Posts: 5016 | Location: NE of S.F. | Registered: Apr 13, 2006
I agree with many of the other ideas (price, price, location, location) - but I also think many sellers really believe that buyers should be able to "see beyond" their stuff, and they leave the place FULL because that's the way they live. Don't get me wrong, I live the same way - but most people cannot see beyond that, and it kills many sales. Also, when a person doesn't maintain their house assuming people will just buy it as is.... Just drops the price, and keeps people from seriously considering...
I agree, DebiinFl - most homeowners who are hoping to sell underestimate the selling factor of a CLEAN and UNCLUTTERED house - shrug their shoulders and say, well, everyone knows we're still living here. Major mistake. No one even notices the bones of the house or its potential when they are looking at every day clutter.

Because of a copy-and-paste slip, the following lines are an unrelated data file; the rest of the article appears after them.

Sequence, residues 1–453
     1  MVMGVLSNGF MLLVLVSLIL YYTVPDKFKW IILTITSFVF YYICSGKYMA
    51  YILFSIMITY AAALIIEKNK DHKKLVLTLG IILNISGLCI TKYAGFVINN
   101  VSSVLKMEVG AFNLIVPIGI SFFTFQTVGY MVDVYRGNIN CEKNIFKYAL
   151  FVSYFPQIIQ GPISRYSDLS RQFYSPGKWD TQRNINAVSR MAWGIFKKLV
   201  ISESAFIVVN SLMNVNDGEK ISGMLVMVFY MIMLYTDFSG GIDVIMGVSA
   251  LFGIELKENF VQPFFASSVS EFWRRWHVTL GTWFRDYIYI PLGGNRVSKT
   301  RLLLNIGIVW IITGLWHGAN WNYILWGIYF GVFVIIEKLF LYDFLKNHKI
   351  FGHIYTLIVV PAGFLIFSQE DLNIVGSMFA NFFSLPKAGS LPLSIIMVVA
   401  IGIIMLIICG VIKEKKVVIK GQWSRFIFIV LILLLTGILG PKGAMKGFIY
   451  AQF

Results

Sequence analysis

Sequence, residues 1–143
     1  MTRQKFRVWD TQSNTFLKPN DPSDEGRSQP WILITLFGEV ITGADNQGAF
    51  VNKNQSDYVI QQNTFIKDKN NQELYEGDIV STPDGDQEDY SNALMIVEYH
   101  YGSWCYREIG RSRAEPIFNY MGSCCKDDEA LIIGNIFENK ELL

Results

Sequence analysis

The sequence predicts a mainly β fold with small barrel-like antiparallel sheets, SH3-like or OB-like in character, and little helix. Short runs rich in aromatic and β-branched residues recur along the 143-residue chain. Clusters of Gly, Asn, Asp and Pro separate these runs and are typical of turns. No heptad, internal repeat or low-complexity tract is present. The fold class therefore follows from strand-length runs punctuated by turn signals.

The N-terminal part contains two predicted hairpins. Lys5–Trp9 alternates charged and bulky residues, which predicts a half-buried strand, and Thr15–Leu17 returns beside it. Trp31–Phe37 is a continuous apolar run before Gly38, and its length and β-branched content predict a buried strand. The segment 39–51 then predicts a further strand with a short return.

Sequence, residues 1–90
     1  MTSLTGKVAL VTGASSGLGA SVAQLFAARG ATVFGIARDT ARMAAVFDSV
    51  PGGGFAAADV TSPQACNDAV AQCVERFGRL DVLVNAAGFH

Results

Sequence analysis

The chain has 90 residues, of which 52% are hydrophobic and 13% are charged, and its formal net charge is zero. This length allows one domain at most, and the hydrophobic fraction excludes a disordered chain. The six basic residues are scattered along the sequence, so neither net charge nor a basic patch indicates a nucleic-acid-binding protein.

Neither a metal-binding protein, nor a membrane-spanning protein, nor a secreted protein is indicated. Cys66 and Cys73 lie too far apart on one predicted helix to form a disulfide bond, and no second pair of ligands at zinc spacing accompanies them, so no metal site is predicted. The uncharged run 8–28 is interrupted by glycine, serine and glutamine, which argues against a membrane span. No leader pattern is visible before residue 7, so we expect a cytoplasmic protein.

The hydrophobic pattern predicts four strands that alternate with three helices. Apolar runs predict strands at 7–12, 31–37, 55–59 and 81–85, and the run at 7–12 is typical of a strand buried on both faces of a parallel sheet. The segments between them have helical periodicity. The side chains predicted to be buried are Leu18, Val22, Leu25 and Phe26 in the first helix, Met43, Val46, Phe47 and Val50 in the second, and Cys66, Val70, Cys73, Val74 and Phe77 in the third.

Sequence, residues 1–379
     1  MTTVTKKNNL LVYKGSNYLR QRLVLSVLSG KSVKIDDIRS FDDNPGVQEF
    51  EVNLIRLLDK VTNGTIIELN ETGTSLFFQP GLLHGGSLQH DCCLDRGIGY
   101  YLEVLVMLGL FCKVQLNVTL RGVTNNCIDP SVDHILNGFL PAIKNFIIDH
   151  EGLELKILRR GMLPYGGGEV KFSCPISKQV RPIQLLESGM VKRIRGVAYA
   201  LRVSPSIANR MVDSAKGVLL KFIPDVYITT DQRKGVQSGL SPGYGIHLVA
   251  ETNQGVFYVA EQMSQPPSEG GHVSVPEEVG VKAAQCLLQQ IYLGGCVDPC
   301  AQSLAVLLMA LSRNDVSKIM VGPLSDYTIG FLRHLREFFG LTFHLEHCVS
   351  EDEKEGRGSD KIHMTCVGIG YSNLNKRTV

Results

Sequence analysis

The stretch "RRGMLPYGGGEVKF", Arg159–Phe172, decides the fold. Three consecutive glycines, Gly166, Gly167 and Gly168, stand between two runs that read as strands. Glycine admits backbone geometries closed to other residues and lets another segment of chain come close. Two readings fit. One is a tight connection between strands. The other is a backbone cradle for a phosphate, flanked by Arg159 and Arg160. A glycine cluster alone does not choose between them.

I agree w/ the last two posts - before you even start haggling price or loans you have to get someone willing to go thru the process. A home that is cluttered or unappealing simply won't cut it. A clean, fresh smelling home that is attractively staged will have a distinct advantage over a home where there is pet or cigarette smell, unmade beds, out of date decor and uninviting arrangements. Many people cannot see past what's in front of them. Even if you don't hire a professional Stager at least call one in for a check list - this is usually about $100 and the Stager go thru your home and give you a list of things that YOU can do starting with "have to do" items and going down to "really would be nice to do" items, and usually the approximate price of each. ALso listed, usually, will be her price for just doing everything for you so you can decide if you want to be bothered with it or just turn it over.
Good idea to consult with a stager for all the reasons cited above.